Hoping that this finds you well both in body and spirit.
The directors realize that the COVID-19 virus has affected all our lives. How we have had to operate in our daily lives has changed and a lot of those changes will be in place for some time to come. COVID has also affected how we need to operate at the Hatchery. Thus this document that you find attached to this e-mail.
Due to the virus, the directors have put this document in place for the Hatchery. The purpose to provide us all with the guidelines on how we can keep each other safe if we need to be at the hatchery.
Here is the story and videos of how at Tynehead Hatchery we raise the coho from the egg to when local school and our volunteers release these fish into the river to start their long journey. Few will return but their life story is fasinating.
We would usually be having our local school groups releasing their young Coho salmon with all their students who were involved in raising Tynehead Hatchery Coho eggs to the fry stage. Thanks to the help of our volunteers, teachers are bringing their salmon babies to be released back into the Serpentine River. A BIG thank you to all the students and their teachers who have done a wonderful job in raising these salmon. We miss the students but look forward to seeing all next year!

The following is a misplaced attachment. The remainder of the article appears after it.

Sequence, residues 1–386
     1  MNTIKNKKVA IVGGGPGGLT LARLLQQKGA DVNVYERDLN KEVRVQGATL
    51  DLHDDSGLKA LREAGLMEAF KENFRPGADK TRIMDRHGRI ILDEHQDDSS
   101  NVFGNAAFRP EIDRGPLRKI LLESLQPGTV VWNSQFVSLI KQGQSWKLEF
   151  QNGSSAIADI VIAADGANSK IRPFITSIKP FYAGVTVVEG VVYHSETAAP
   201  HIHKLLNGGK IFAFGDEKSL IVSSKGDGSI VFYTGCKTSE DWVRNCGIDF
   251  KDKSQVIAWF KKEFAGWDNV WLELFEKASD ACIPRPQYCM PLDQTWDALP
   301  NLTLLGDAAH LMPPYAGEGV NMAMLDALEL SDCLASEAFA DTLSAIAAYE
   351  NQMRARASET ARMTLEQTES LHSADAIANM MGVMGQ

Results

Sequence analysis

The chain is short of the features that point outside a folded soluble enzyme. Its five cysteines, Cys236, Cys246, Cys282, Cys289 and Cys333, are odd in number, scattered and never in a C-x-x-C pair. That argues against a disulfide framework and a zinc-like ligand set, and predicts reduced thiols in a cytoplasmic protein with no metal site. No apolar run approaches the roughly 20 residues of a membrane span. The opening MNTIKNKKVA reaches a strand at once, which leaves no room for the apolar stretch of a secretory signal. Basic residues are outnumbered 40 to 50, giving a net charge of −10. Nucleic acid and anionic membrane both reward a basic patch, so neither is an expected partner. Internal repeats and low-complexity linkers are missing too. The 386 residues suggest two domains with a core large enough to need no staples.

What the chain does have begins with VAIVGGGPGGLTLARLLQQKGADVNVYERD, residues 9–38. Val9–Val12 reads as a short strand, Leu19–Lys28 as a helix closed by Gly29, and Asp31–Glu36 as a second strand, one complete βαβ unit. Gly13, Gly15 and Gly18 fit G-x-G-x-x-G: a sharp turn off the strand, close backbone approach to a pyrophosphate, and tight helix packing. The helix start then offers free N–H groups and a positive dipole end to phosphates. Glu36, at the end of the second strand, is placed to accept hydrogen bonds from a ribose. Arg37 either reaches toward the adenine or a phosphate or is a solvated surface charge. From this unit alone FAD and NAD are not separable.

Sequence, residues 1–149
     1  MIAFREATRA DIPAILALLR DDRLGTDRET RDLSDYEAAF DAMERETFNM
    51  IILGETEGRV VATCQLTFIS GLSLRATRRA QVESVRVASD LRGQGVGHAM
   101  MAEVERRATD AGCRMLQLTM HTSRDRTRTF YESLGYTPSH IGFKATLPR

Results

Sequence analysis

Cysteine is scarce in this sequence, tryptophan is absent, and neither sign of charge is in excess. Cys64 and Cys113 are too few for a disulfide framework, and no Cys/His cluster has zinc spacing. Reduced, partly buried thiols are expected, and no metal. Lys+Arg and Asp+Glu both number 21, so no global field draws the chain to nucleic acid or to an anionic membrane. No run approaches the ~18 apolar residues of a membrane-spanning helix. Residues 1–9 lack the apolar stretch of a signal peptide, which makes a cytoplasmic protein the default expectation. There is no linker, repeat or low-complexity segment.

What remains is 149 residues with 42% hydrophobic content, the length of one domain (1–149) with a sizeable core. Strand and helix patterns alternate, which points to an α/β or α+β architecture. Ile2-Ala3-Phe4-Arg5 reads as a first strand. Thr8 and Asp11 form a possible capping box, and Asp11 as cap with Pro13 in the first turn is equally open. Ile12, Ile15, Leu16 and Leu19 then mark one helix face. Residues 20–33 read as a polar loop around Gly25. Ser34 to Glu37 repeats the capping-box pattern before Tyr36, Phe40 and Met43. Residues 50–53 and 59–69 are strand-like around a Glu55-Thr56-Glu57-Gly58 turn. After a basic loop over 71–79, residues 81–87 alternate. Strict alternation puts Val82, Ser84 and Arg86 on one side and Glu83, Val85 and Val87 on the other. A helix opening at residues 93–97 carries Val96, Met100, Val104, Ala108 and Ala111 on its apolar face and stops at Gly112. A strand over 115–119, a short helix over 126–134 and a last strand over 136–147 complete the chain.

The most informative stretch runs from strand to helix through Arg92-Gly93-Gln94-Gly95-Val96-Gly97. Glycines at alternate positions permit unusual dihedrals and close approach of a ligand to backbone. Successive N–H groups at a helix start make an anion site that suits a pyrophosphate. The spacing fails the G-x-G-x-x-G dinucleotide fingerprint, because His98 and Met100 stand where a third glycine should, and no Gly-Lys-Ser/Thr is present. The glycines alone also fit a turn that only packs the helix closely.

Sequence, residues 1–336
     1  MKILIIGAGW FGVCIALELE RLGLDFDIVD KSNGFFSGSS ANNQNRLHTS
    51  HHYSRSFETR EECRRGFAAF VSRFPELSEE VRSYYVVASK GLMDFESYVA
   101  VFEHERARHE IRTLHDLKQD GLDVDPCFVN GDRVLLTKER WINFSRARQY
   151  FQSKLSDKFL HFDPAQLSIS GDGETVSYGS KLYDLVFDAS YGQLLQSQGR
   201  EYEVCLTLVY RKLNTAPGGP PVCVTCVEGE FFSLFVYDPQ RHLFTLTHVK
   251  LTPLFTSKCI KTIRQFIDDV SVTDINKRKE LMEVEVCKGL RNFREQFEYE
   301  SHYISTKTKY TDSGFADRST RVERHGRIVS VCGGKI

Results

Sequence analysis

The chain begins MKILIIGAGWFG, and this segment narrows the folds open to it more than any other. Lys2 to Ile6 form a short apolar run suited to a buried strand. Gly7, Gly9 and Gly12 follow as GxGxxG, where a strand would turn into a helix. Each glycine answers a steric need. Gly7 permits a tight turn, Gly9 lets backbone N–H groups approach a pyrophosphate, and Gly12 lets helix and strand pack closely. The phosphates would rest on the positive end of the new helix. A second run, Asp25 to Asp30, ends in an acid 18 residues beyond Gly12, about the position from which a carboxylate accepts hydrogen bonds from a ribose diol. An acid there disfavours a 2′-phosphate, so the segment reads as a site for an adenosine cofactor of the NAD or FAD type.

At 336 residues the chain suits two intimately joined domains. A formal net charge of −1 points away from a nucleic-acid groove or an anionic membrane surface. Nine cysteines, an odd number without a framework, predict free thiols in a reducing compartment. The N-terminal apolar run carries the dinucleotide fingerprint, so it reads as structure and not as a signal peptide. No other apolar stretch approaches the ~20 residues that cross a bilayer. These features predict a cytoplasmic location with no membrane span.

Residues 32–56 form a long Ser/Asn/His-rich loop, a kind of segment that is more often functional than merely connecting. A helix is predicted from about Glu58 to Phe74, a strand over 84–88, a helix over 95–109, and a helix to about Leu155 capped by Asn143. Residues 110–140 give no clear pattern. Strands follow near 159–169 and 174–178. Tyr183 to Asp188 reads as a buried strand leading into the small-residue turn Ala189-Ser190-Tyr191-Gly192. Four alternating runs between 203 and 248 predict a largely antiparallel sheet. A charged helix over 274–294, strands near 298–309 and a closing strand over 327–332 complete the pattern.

Press “Click here to enter” below to see the video!
Our Coho babies have almost all hatched to the Alevin stage. Those are yolk sacs on their tummies-food for the next month. As this yolk sac gets absorbed, they will slowly turn into a fry salmon. At this point these babes would still be in their “redd” in the river
50,000 Coho smolts. Returned to the Serpentine River. Smolts are just over a year old and will head directly to the ocean. Inch creek takes a portion of our Coho eggs and raise them to smolt stage for us. Usually we disperse these babies throughout the Serpentine rivershed and only a portion are released at the Tynehead hatchery- primarily at our annual salmon send off. Unfortunately, COVID changed that this year. So see how many you can count in this footage!
This small carp was found in one of our fish ponds which means that it found its way into the Serpentine River by being released into the river. Please remind all you know not to be releasing any type of fish into urban rivers. Invasive species multiply and take over the natural inhabitants. We all want to keep our Salmon.